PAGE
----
But being on the square on February 4th, “The Day of Departure” meant
something even more. You not only conquered your inner fears, but also
a lot of outside pressure.  To be here means that you heard on TV, and
possibly from friends, family member, neighbors, co-workers or even
loved ones that this has to stop. These “kids” demonstrators are
destroying our country. They are paralyzing the economy, and allowing
foreign forces to infiltrate Egypt. You also heard or saw the news of
the Wednesday massacre. It’s not just a matter of starvation, but you
know that the demonstrators have been and could be attacked,
physically, and even lose their lives. But they here, in millions! How
refreshing!

Many many Egyptians had stopped caring about their country, because
they saw that there is no use. It seems that the spark in their hearts
has not been fully extinguished by years of organized government
brutality, corruption, or brainwashing. They are here from every walk
of life. They are here in spite of the warnings. They are here and
THEY ARE NOT AFRAID. This is something I never thought I would witness
with my own eyes. I was not afraid. Millions are not afraid anymore.

Many people are on the square because they are desperate. They have
NOTHING. So they have nothing to lose. But there are so many here who
have good lives. They are middle class and upper middle class. (I can
tell from their shoes!) They possibly drove in fancy cars, or walked
from the near by rich neighborhood. They talk to their friends in
English, in perfect American or British accents. They are not
politically inclined. But being on the square on Friday was about more
than politics. It was about freedom and dignity and witness a country
wake up from a long slumber.

Many demonstrators are talking on their cell phones. The bits of
conversations overheard are mostly people giving directions on which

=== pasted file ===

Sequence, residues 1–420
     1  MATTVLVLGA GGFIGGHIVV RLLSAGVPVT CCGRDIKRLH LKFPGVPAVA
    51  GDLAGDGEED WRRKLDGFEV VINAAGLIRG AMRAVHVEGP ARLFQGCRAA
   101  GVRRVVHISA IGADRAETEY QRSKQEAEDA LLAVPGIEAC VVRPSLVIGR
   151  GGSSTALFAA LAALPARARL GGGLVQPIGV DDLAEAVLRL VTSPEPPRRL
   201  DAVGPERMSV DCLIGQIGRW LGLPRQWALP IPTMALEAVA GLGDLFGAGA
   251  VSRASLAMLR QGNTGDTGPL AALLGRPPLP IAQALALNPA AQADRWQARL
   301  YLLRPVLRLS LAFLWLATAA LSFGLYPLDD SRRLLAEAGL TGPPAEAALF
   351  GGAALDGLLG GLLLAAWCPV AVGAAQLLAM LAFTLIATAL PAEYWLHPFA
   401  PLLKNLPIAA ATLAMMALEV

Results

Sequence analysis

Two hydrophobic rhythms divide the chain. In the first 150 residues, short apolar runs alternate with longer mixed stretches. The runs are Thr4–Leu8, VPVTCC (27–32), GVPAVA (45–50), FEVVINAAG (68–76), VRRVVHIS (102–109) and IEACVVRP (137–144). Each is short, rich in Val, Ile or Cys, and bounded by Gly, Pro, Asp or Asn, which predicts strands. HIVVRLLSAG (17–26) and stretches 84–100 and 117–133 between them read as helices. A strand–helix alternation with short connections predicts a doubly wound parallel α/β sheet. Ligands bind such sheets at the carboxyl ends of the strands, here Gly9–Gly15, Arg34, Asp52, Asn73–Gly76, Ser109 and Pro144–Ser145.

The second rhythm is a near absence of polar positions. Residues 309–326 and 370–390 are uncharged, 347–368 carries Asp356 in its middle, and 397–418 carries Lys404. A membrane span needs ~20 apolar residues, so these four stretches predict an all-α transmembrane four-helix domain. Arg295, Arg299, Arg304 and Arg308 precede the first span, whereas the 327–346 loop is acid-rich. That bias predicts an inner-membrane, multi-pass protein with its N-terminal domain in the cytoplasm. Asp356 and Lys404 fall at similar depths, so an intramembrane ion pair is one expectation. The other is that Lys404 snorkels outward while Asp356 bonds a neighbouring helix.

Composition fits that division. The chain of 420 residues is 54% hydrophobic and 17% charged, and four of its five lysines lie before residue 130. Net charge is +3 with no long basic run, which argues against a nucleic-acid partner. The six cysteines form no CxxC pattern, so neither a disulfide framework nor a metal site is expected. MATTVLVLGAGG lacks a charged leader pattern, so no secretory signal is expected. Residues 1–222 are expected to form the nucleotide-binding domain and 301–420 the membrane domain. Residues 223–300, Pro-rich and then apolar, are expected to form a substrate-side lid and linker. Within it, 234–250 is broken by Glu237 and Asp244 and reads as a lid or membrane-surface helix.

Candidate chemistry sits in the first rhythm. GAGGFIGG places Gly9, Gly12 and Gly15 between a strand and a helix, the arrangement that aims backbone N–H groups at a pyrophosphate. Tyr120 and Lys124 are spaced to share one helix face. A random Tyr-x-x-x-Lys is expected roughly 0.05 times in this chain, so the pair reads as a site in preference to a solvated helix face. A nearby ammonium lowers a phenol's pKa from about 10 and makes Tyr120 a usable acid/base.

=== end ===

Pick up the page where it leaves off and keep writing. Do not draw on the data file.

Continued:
checkpoints are safe or temporarily freed from the government thugs,
or people justifying their presences in the square, and explaining to
those at the other end of the line what they are experiencing: People
are really very civilized, honey.. Sharing food with others.. No
foreign presence.. Cleaning the square themselves.. Please don’t
worry!.. No, no sexual harassment.. Off course no one gave me money to
come here!.. I am safe mum, I swear.. I did not see any Kentucky.. Why
don’t you listen to me?.. Believe me it’s not like what they say.. Are
you stupid? My sister is as dumb as a shoe!

I can understand the bits of conversation. I too watched TV and had my
fears. I too had to call my mum to assure her about my safety, and she
repeated what she heard on TV about the horrible situation there. I
too had to promise my friends that I will be careful and not try to be
a hero if violence erupts. But unlike last Friday, this Friday is not
a day of violence. There is no police presence what so ever. The army
is surrounding the square to protect us, not to harm us. What a
difference a week of resistance makes.

Hardcore demonstrators who haven’t left the square in a week, might
not be able to get enough food, or even decent sleep on the rough
pavements of the square. Some left their families without food for the
week or even the day. No one promised them a job, or guaranteed them
anything, but the triumphant look in their eyes shows that they have
already won. Now they have something that no one can take away from
them. They have DIGNITY!

The hours pass quickly with so many activities in the different parts
of the square. Slogans, chanting, marching, political discussions,
meeting people you know, or talking with others you just met. It’s
close to 4 pm, and the square is still filling up with incoming
people. I move toward the entrance of Kasr El Nile Bridge, still the
safest entrance with the largest influx of incomers. I see droves of
people entering. With a big crowd on the inside cheering them after
they cross the checkpoints and inspections. The impromptu welcome
committee is making up slogans to chant. Those entering are getting
heroes’ welcome; many are clapping for them and chanting as they come
in, rhyming couplets, with some drumming sounds created from empty
plastic bottles. “Welcome, welcome to the heroes.. Welcome, welcome to
the men”, “Muslim, Christian, We Are One”, “Where is the press..We are
millions.” These rhyme in Arabic and sound very motivating when sung
in unison.

The large number of people entering makes a man sitting next to me say
on the phone “Yes, now we are 30 million!” It feels that way
energetically, but as for actual numbers his math abilities need some
sharpening.

There are a lot of men of every age group entering but there is a